Object Lesson VII
Preparation for War
Careful planning and organisation were undertaken by the Board of Governors and Hospital Officers to protect the patients and the site. Advance planning, with the help of Croydon Council, was undertaken from as early as October 1938, which is nearly a year before war broke out in September 1949.
The Hospital invested in Air Raid Precaution (ARP) equipment including hurricane lamps, gas masks, de-contamination outfits, sandbags, stirrup pumps, buckets, serge material for blinds and blackout curtaining for all the windows (1,120 curtains needed). Governors considered the use the of paper strips on windows to reduce glass splintering but decided against this as there were 28,000 panes of glass and 13 ¼ miles of paper would be needed.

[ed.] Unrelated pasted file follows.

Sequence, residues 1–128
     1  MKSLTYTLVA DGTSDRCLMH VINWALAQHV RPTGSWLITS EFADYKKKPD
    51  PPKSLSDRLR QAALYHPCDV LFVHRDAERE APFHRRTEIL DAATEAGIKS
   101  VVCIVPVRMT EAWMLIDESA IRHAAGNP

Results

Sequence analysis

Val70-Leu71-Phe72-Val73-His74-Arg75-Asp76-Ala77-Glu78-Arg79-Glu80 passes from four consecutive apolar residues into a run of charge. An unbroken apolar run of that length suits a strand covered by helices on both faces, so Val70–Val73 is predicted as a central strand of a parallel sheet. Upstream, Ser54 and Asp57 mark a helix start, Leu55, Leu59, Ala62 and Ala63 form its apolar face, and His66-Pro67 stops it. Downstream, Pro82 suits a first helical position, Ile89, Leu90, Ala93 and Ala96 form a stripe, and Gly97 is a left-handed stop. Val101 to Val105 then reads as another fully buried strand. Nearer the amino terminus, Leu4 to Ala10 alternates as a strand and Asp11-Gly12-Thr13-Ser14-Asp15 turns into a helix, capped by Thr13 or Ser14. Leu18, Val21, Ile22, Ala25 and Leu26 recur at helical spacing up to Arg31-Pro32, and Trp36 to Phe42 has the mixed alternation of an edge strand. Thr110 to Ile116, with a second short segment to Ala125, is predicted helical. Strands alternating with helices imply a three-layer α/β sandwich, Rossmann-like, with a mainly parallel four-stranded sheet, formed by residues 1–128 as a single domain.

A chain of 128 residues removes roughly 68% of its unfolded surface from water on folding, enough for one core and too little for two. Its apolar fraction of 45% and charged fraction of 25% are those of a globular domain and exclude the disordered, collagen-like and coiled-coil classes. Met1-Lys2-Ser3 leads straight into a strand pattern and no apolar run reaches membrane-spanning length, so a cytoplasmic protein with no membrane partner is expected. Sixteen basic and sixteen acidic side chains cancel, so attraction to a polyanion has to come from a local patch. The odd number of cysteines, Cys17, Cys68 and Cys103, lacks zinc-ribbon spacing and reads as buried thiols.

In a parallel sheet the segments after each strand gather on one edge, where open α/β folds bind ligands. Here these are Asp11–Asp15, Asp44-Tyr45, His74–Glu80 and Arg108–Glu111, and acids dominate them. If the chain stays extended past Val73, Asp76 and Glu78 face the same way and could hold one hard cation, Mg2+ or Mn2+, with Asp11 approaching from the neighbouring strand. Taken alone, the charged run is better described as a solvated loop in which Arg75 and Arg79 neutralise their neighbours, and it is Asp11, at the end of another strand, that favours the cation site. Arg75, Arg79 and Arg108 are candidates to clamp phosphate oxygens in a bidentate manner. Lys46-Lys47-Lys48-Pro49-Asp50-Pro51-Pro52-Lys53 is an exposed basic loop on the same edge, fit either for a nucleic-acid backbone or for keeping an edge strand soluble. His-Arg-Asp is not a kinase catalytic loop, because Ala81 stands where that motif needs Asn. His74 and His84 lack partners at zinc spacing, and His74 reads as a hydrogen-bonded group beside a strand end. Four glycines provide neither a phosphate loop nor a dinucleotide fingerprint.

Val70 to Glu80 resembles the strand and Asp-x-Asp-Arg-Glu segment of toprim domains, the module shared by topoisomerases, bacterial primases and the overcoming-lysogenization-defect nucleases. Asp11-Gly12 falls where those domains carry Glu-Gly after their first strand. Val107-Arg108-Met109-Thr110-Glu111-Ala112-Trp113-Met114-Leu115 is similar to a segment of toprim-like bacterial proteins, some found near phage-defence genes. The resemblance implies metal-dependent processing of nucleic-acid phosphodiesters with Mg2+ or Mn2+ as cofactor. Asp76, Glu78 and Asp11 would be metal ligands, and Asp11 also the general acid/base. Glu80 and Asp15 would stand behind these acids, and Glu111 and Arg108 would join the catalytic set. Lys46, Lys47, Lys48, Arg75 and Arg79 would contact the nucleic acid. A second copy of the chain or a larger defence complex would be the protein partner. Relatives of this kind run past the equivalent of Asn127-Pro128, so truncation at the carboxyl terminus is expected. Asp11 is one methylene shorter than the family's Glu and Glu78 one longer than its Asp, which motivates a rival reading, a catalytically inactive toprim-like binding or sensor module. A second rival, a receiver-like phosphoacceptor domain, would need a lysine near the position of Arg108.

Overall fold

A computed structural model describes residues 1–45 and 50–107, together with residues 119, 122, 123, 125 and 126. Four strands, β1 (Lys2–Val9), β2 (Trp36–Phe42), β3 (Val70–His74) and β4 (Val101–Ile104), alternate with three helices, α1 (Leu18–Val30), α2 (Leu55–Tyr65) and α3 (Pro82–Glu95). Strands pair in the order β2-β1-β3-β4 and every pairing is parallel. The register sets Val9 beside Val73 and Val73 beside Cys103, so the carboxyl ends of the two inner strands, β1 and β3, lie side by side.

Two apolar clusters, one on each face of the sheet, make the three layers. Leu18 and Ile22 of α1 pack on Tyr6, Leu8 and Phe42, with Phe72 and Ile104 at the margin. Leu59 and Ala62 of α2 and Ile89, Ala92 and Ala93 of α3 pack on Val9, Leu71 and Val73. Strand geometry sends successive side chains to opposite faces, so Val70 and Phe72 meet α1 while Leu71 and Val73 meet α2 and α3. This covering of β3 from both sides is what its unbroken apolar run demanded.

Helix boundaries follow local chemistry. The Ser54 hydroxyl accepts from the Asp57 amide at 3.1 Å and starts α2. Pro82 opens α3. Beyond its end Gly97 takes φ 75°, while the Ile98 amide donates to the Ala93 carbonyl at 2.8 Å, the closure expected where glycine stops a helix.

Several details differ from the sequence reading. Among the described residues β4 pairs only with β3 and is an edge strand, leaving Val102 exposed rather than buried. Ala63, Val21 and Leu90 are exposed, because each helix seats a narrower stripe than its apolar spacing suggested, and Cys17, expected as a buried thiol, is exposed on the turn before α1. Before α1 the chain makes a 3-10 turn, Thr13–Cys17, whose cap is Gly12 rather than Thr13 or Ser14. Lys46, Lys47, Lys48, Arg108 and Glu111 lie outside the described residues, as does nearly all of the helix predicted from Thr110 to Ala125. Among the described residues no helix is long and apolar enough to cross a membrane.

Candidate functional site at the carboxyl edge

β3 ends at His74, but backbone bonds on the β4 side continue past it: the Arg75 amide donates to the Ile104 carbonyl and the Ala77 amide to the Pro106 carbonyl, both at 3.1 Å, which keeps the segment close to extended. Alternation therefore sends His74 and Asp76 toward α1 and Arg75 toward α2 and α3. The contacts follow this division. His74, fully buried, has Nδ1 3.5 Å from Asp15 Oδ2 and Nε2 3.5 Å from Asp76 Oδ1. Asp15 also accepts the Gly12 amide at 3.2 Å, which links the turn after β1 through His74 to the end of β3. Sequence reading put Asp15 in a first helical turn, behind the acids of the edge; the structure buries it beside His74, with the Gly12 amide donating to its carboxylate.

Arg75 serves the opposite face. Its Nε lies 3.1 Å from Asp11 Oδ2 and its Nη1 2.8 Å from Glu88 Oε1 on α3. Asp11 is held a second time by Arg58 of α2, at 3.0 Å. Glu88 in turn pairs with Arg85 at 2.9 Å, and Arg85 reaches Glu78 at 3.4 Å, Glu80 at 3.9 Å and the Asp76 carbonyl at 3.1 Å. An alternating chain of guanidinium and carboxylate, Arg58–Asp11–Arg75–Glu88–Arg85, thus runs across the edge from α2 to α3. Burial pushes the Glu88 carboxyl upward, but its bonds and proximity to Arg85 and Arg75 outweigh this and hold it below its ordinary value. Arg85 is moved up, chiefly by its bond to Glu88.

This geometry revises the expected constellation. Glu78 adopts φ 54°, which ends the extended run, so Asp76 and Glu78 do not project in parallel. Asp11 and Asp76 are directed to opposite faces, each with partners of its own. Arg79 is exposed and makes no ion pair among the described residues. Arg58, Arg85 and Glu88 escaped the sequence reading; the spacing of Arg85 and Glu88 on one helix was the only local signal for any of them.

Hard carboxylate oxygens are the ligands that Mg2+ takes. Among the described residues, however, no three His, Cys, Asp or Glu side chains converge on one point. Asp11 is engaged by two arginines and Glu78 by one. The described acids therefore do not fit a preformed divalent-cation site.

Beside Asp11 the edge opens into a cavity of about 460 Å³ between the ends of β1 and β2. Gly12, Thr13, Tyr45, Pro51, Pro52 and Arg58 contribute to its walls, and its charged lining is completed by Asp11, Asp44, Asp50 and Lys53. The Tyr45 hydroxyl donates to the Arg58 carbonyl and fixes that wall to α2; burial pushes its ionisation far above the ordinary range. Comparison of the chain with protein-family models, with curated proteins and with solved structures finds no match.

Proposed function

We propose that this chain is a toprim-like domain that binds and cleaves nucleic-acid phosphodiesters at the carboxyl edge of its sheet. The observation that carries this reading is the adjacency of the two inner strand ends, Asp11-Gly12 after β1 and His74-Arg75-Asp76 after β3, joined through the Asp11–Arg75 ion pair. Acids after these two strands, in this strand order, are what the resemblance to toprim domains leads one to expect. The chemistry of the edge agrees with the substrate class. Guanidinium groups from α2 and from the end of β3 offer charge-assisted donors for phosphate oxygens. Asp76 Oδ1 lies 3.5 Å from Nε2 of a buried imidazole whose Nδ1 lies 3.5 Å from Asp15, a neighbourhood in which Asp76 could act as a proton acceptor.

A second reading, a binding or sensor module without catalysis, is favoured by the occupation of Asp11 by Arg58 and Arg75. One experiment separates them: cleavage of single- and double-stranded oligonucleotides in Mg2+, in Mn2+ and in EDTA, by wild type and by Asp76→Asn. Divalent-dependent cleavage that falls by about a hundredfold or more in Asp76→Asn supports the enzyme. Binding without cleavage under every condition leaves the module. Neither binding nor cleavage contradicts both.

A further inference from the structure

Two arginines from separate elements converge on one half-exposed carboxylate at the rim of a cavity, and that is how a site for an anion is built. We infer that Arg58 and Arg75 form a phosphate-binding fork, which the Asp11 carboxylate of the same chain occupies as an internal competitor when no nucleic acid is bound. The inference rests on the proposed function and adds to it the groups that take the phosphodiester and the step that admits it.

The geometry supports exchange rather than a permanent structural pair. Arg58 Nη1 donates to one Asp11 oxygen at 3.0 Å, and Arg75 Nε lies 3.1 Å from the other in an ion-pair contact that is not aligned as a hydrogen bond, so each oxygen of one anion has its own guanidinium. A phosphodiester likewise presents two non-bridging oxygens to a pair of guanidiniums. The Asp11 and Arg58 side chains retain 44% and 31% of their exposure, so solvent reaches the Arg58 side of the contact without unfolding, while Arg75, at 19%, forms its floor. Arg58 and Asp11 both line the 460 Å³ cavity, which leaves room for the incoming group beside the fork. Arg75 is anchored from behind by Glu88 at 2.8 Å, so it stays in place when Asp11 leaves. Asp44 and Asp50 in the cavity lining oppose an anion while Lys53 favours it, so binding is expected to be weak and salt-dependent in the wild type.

Coal cellars in many of the buildings were adapted for use as air raid shelters with some gas proofing, improved lighting and air conditioning. Shelters were divided into male and female for both patients and staff. The cellars had bunk beds in them and mattress covers were removed from the wards and stuffed with straw to act as mattresses in the cellars.
Air raid practices were undertaken. On the Hospital site, rattles were sounded to warn of gas and whistles blown as the sign to go to the cellars. The Governors also worked to ensure a good supply of reserve water (24,000 gallons) in case the water mains were damaged.